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OSCOLA (Law) Referencing

DBS Library Referencing Series

What is referencing? Referencing is a standard method of acknowledging the sources of information you have consulted in compiling your assignment. Anything – words, figures, graphs, theories, ideas, facts – originating from another source and used in your assignment must be referenced (i.e. acknowledged). In your assignment (e.g. essay, seminar paper, dissertation, project, etc.) you must provide the reader with precise information pertaining to every source referred to in your written work or consulted as part of your research.

What is OSCOLA Referencing?

NOTE: The information and examples contained in this guide are chiefly derived from the Oxford University online guide to OSCOLA, available at: blications/oscola.php

The Oxford Standard for Citation Of Legal Authorities (OSCOLA) is a specific style of referencing, developed by the Oxford University Law Faculty for the referencing of legal materials. OSCOLA referencing uses numeric references embedded within the text, which are linked to footnotes that contain the full details of the cited source. This guide provides students with a brief introduction to OSCOLA, with examples of the most commonly used source-types provided on the following pages. For further details and examples, students should refer to the official OSCOLA guide, available online at: All Law students within Dublin Business School are required to use the OSCOLA referencing format in their assignments.


Why reference?


Referencing is a vital part of academic research and writing. There are several reasons why it is so important, some of which are listed below: • To avoid plagiarism • To back up your argument(s) • To establish credibility

• To verify your research and quotations • To provide your reader with the details needed to source the original documents, etc. used in your research

What is plagiarism?

• When you have reached a point in your text when you want to insert a numeric reference, go to the References tab and click Insert Footnote. • Word inserts the note number and then allows you to type the full reference in the corresponding footnote at the bottom of the page.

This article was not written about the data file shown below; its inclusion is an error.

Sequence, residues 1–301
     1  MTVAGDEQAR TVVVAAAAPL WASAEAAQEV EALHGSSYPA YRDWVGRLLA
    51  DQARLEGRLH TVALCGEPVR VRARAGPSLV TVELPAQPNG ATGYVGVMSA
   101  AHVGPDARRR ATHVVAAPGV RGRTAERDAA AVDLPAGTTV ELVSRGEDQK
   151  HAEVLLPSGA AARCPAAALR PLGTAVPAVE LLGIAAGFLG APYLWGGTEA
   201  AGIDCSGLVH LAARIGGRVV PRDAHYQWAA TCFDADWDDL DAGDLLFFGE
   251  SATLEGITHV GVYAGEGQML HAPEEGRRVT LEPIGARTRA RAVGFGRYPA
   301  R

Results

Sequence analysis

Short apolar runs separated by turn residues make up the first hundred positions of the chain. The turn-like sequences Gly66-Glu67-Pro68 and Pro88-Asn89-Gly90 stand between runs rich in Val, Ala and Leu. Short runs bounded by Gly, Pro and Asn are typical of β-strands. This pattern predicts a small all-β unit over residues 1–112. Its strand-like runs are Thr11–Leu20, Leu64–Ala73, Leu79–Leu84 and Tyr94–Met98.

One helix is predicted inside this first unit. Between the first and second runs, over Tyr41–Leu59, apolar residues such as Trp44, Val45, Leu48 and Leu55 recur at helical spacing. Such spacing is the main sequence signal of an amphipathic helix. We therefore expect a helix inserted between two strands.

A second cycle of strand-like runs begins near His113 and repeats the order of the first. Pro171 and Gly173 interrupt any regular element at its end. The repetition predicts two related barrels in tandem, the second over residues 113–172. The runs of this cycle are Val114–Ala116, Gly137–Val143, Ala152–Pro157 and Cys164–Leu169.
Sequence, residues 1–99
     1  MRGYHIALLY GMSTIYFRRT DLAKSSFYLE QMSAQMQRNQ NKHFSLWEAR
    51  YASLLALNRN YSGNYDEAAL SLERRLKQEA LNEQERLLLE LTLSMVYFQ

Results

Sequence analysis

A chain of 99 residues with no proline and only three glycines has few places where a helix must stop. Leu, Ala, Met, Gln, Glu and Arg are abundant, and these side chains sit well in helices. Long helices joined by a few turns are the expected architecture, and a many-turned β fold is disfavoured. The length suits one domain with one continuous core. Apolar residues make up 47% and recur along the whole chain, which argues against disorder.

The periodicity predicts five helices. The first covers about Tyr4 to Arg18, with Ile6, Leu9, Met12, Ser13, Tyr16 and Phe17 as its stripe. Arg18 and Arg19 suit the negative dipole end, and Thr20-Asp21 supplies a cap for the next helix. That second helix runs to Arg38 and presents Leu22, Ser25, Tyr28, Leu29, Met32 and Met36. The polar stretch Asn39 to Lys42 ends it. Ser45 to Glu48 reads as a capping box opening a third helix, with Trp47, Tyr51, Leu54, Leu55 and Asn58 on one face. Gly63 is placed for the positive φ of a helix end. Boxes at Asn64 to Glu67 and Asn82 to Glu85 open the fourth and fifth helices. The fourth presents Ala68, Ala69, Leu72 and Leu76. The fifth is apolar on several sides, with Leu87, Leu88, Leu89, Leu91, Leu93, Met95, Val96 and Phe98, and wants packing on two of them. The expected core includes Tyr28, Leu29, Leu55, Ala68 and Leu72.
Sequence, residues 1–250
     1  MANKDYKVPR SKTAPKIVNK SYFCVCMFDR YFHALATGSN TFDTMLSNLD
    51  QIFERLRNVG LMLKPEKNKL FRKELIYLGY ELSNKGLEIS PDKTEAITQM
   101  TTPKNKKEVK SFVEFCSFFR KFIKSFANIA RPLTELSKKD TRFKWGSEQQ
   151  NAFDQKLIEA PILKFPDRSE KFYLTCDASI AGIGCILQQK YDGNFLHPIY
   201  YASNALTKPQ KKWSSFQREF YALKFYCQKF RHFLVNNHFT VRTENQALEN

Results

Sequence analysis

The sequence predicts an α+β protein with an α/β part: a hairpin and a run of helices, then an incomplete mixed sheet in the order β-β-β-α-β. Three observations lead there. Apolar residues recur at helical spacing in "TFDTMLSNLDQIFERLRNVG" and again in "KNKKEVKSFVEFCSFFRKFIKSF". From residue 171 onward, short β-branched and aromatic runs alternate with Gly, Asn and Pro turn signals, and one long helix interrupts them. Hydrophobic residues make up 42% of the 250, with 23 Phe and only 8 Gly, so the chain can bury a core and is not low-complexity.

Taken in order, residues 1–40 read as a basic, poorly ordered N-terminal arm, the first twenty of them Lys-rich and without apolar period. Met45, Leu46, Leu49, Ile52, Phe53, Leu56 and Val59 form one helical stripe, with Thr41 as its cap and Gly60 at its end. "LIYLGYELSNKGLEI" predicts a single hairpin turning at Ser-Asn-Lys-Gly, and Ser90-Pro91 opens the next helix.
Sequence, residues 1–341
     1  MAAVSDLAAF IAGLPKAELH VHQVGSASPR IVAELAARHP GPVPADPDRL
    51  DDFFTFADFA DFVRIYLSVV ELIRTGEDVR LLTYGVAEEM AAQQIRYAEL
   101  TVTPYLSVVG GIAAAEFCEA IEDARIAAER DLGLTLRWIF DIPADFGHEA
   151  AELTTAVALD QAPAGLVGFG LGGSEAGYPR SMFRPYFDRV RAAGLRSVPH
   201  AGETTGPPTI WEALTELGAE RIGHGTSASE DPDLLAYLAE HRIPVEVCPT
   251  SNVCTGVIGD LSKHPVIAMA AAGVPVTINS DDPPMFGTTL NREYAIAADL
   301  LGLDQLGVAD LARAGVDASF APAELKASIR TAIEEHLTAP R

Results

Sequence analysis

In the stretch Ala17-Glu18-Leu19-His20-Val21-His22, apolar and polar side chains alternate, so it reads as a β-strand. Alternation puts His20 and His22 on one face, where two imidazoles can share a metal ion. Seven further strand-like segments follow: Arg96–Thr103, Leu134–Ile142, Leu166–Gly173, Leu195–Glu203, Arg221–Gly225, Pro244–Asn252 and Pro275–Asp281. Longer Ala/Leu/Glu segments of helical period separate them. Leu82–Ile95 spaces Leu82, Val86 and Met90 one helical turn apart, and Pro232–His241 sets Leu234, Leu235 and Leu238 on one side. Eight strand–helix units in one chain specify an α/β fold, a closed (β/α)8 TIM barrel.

Plagiarism is defined by the College as the act of presenting the work, written or otherwise, of any other person, including another student or institution, as your own. The only way to use another person’s work without committing plagiarism is to fully and precisely reference the original author(s) in your own work. You must cite and reference all materials, including both print and electronic, which you have used or presented in your own work. Whether you use another author’s words directly or you summarise someone else’s ideas and write about them in your own words, you must cite and reference the original work in your assignment. Not to do so would be an act of plagiarism. Please follow the examples detailed in this guide to ensure you cite and reference correctly in all your assignments.

What about common knowledge? Widely known information or facts such as names, events and/or dates do not always have to be referenced. This is known as common knowledge. For example, it is commonly known that Neil Armstrong was the first man to walk on the Moon in 1969, thus there is no need to cite or reference such a statement in your work. If you are in doubt over whether or not something is common knowledge, cite it!

How to reference: a three-step process There are 3 basic steps to citing and referencing throughout your research and writing: 1. Record the details of all materials used in your research and reading as you go along – this will ensure you have all the requisite information to create your citations and references when you begin writing your assignment. 2. Create a footnote citation every time you use or refer to someone else’s work within your own assignment 3. Build your bibliography as you go along – it should be in alphabetical order and contain every source footnoted within your assignment.

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Types of use Direct Quotation 1. 2.

Direct quotes should be used sparingly and only when relevant to your argument. Short and long quotes are treated differently. Short quotes (3 lines or less) should be contained within the main body of your text and enclosed within single quotation marks. The numeric reference should be placed at the end of the quote (after punctuation) or sentence, with the corresponding footnote listed at the bottom of the page. Example Ryan states that although the 1937 constitution is a product of its time, it ‘has tracked at least some of the major changes that have occurred in Ireland in the intervening period.’⁶ ⁶ FW Ryan, Constitutional law (Thomson Round Hall Nutshells, 2nd edn Thomson Round Hall, Dublin 2008) 3.